‘Shootout’ justice: The first, at long last
This is the first time in the country any law enforcer, let alone five, has been brought to book by a court for staging a "shootout".
While delivering the verdict in the Major (retired) Sinha Mohammad Rashed Khan murder case, the Cox's Bazar court concluded that the former army official's death did not occur in a "gunfight" as claimed by Teknaf police, when Sinha allegedly brought out a gun and the police fired shots in self-defence.
It was a "pure and simple murder", said the court.
Now the question arises -- is there any possibility that at least some of all the "shootouts" or "gunfights", which led to deaths of people over the years, were staged too?
In 2020, the year Sinha died, 195 people were killed in "shootouts" across the country, including 76 in Teknaf and other upazilas of Cox's Bazar, according to data of Ain o Salish Kendra (ASK). Police were involved in 33 out of the 76 incidents.
After Sinha's death, Teknaf police had filed a case stating it a "shootout" .
Interestingly, Sinha's was the last death at the hands of police in 2020. Following his death, only three "shootouts" took place in Cox's Bazar that year, and either the Border Guard Bangladesh or Rab-15 was involved in those.
The following year, Teknaf and other upazilas of the district saw 24 deaths in "gunfights", but police were involved in only one of those, ASK data shows.
The dip in the number of "shootouts" involving police is quite surprising.
Pradeep Kumar Das joined Teknaf Police Station as OC in October 2018. At least 87 people were killed in 48 "gunfights" involving Teknaf police alone between August 1, 2018 and August 1, 2020.
The descriptions for all these incidents are almost identical to the one provided by Teknaf police in the case of Sinha. The first one is -- "Criminals" would be meeting at a spot, law enforcers would reach there, and they would come under attack from "criminals". A "shootout" would ensue and one or more of the alleged criminals would be killed.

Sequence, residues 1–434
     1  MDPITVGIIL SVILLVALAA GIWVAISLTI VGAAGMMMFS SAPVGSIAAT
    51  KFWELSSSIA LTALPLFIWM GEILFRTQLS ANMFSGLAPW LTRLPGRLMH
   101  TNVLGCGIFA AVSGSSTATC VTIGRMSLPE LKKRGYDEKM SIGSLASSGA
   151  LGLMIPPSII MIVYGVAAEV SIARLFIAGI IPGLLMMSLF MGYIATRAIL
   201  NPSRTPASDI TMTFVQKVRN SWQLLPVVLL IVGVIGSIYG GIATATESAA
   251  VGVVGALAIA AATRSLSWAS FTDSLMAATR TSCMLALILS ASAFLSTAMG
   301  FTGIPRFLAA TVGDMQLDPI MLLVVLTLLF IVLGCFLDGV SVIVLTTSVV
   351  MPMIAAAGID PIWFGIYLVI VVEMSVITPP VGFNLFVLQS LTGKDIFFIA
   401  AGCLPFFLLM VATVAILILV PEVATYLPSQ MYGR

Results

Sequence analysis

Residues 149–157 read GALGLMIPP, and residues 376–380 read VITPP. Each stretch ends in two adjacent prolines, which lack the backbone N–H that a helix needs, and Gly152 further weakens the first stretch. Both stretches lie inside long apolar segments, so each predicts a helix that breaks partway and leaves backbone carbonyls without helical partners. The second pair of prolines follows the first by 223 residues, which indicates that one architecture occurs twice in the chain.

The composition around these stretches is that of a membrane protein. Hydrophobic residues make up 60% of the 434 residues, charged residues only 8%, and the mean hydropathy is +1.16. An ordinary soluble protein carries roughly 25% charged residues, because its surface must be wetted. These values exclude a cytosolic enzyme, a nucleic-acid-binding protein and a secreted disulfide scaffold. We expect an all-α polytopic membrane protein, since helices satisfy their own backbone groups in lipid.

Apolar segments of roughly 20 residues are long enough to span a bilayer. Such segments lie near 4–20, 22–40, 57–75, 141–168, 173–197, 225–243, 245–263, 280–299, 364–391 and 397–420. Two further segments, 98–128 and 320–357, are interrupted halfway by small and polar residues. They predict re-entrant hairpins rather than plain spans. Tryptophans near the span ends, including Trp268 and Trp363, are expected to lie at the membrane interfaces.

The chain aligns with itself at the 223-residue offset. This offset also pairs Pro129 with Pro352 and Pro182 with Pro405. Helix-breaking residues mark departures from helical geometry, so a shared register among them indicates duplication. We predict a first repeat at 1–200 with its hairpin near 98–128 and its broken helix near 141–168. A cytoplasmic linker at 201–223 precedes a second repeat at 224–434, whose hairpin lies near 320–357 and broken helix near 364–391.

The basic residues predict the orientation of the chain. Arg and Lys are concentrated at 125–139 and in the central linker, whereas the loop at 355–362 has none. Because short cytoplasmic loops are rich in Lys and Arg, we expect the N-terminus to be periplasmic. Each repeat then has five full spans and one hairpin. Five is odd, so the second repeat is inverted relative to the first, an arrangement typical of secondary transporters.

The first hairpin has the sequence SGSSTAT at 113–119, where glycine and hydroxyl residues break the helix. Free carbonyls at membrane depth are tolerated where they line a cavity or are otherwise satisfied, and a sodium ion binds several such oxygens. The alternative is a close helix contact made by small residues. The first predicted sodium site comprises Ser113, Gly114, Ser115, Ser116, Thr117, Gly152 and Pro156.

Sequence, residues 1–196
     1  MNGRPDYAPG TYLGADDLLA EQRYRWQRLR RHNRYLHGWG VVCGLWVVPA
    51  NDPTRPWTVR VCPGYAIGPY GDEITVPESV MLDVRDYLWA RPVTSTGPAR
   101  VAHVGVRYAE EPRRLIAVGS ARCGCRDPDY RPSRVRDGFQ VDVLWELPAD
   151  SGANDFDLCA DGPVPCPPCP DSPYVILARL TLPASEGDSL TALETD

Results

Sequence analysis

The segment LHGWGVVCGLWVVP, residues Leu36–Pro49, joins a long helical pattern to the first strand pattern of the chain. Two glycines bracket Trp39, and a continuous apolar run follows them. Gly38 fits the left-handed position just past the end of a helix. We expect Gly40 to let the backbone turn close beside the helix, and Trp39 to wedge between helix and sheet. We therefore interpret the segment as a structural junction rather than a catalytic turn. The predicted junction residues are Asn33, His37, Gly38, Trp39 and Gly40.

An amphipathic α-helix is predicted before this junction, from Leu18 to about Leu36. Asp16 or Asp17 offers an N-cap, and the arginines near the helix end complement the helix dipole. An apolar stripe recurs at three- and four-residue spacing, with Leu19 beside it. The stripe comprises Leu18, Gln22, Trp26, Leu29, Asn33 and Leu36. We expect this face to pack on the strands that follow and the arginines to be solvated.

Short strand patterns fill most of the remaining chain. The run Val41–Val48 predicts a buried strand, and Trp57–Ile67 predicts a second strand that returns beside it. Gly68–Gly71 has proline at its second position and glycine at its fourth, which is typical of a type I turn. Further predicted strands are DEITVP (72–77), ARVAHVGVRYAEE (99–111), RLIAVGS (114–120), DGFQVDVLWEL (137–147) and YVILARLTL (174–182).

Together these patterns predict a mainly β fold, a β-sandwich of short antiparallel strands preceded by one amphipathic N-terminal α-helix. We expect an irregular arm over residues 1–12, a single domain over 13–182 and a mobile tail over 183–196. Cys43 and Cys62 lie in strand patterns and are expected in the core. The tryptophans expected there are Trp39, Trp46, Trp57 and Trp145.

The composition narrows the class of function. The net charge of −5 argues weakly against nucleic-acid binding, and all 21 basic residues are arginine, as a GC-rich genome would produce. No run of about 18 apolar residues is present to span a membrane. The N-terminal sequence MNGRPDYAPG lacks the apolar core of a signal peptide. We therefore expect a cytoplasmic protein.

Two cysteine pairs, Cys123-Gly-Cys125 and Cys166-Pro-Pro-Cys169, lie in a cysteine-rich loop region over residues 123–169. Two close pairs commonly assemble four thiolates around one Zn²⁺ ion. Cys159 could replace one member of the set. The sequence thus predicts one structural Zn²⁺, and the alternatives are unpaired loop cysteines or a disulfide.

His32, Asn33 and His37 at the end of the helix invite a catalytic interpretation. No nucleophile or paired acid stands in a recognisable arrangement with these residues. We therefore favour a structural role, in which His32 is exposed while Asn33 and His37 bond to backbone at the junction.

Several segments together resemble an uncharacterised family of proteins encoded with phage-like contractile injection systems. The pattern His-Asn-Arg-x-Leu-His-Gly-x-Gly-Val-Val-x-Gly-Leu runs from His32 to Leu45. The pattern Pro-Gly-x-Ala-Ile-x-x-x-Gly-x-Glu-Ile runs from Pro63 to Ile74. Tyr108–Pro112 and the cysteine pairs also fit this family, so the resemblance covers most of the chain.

The other description is -- an alleged criminal would be arrested, law enforcers would take him to a spot to recover drugs or arms, the "criminal's" gang members would be lying in wait, a "shootout" would follow, and only the person leading the law enforcers to the spot would be killed.
Nur Khan Liton, secretary general of Ain o Salish Kendra, said: "A case is hardly ever filed by any shootout victims' family against law enforcers. Police do not want to record such cases. Even when they do, they hastily file the final report with the court, saying they found nothing."
A number of cases were filed by victims' families against Teknaf police following the death of Sinha.
Yesterday, Sinha's family expressed joy after the verdict and said if people work with dedication, the rule of law is established.
But this seems to be not true for all cases.
A case involving a "shootout" went on trial, but it was dismissed by a court due to a lack of witnesses willing to testify.
This was the case of 32-year-old Abdul Alim who was killed in a "shootout" between police and "a gang of robbers" around 1:00am on May 4, 2010.
The first information report of the case states that Alim was accused in three murder and three arms cases.
However, Alim's wife Anju Begum claimed that her husband was picked up in the evening on May 3.
"He asked me to make an omelette for him, and said he was going out for a minute. I fried the egg and was sitting to offer prayers. At that moment, his sister came and told me that people saw my husband being picked up by cops," Anju told the court.
On July 20, 2010, Anju lodged the case with the Chief Judicial Magistrate's Court in Kushtia against cops, including officer-in-charge Mehedi Hasan.
The National Human Rights Commission (NHRC) had published a report stating that an independent inquiry should be conducted into Alim's death.
ASK, which was providing legal counsel to the family, said the lower court ruled in the favour of the cops and dismissed the case.
Former NHRC chairman Mizanur Rahman Khan said, "This was not a shootout like the others. A former member [Sinha] of a disciplined force was killed in the incident. Had we seen the same impact of justice in other cases, the culture of impunity would have stopped."
Nur Khan Liton asked, "Will the state ensure justice for the several thousand people who died in similar incidents?"